Easter Island is a small island (about 150 square miles in area) in the Pacific Ocean about 2,000 miles from South America. In 400 AD there was a small population of settlers on the island. The island was heavily forested, but the land was not very useful for farming due to extremes in temperature and lack of fresh water. The only staples the settlers had were chickens and sweet potatoes that they brought with them from their previous location. There were not many fish around the island. There were, however, plenty of trees to support the various needs of the new population.
These trees served as a natural resource from which huts and canoes could be built and
a strong rope could be fashioned. Trees were also used as a fuel source for cooking
and heating. Since the society did not need to spend a lot of time on food production,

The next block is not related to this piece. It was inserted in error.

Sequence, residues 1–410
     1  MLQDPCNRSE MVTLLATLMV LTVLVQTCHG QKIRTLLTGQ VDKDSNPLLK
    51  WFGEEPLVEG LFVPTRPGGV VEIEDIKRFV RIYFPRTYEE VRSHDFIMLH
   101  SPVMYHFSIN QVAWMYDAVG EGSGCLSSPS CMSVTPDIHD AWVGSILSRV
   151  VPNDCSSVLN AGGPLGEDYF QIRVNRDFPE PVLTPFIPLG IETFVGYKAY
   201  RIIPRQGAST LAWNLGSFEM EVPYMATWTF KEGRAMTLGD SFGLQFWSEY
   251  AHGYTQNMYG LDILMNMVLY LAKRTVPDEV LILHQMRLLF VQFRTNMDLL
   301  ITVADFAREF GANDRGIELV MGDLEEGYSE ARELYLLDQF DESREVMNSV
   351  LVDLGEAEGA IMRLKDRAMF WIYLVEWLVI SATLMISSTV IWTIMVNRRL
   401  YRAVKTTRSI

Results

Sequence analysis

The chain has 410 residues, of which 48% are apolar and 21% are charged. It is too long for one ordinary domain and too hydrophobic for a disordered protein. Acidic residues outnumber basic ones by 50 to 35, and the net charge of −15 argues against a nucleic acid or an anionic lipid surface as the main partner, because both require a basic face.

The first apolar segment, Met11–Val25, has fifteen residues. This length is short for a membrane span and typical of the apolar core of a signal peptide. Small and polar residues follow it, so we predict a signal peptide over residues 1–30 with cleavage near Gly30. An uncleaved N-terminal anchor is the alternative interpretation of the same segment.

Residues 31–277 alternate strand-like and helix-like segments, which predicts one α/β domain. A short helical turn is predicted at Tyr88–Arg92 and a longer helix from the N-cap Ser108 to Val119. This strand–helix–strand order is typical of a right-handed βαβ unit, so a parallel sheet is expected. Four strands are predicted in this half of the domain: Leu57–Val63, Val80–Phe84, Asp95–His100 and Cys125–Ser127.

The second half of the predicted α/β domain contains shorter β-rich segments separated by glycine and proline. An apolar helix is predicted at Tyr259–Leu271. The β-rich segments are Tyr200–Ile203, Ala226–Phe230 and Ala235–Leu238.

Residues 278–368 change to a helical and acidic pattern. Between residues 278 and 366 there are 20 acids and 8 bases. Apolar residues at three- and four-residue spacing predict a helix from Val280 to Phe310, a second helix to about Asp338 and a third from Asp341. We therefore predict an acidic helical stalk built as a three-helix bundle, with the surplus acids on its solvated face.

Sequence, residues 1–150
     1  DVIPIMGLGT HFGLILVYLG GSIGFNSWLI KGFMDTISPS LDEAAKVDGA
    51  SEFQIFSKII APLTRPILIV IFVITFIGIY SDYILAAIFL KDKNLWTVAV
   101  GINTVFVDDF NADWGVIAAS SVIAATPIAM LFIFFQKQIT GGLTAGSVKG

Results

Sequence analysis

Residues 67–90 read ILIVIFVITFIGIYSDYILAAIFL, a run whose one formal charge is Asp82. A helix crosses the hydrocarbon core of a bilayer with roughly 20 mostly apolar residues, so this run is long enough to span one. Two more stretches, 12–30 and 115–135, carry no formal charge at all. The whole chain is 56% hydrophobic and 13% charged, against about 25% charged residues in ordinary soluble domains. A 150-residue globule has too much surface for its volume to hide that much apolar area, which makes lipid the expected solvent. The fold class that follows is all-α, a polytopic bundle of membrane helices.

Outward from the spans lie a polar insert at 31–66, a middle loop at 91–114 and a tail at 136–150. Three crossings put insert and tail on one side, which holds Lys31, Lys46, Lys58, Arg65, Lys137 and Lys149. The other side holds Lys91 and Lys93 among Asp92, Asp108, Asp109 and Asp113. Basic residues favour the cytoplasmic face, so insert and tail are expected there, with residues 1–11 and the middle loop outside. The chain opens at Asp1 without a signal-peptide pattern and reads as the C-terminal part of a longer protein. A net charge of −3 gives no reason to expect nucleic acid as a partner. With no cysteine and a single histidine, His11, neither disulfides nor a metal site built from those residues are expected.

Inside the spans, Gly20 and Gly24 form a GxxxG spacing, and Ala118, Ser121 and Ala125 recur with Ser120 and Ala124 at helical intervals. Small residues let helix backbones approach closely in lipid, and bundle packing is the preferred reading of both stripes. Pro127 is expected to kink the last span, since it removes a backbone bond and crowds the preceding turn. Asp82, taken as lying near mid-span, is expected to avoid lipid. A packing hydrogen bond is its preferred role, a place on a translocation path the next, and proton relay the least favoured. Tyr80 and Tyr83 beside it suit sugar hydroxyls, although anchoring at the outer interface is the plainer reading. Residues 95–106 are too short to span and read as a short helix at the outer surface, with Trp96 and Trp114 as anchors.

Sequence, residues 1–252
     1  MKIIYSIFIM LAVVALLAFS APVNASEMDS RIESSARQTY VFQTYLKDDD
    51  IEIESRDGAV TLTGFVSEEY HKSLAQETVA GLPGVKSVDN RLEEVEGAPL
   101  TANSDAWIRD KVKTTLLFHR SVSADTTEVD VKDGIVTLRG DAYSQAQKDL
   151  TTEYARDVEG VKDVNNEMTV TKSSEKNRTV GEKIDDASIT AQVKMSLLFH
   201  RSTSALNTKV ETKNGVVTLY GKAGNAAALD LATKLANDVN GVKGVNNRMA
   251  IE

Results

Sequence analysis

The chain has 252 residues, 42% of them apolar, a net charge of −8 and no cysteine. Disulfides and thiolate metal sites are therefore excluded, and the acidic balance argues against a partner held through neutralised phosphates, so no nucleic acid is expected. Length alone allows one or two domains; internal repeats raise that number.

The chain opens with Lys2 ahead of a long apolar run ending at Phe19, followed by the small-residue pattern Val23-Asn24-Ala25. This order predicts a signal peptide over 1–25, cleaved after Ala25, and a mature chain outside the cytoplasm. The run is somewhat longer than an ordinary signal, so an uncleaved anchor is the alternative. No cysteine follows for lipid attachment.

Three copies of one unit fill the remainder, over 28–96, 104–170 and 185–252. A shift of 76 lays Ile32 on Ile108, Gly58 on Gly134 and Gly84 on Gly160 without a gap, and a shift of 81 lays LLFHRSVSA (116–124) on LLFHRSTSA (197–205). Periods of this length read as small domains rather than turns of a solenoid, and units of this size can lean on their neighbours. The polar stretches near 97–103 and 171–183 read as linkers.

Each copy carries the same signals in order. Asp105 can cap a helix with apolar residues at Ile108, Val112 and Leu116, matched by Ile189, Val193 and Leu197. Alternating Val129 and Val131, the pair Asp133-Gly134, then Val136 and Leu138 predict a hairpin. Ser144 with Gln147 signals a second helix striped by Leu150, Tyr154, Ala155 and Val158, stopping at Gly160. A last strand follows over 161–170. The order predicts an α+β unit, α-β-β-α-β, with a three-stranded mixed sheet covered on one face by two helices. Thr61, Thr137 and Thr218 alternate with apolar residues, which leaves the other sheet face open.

much time went into social activities. The population began to divide itself into clans and
created rituals that began to dominate their social structure.
Part of the rituals involved the creation of stone statues. A competition between clans
resulted in larger, more elaborate statues being sculpted. Soon trees were cut down
to facilitate moving the statues from one location to another. The rope that was crafted,
it is hypothesised, may have played a part in transporting some large stone statues
from a volcanic rock quarry (near the volcano Rano Raruku) to other parts of the island, where they
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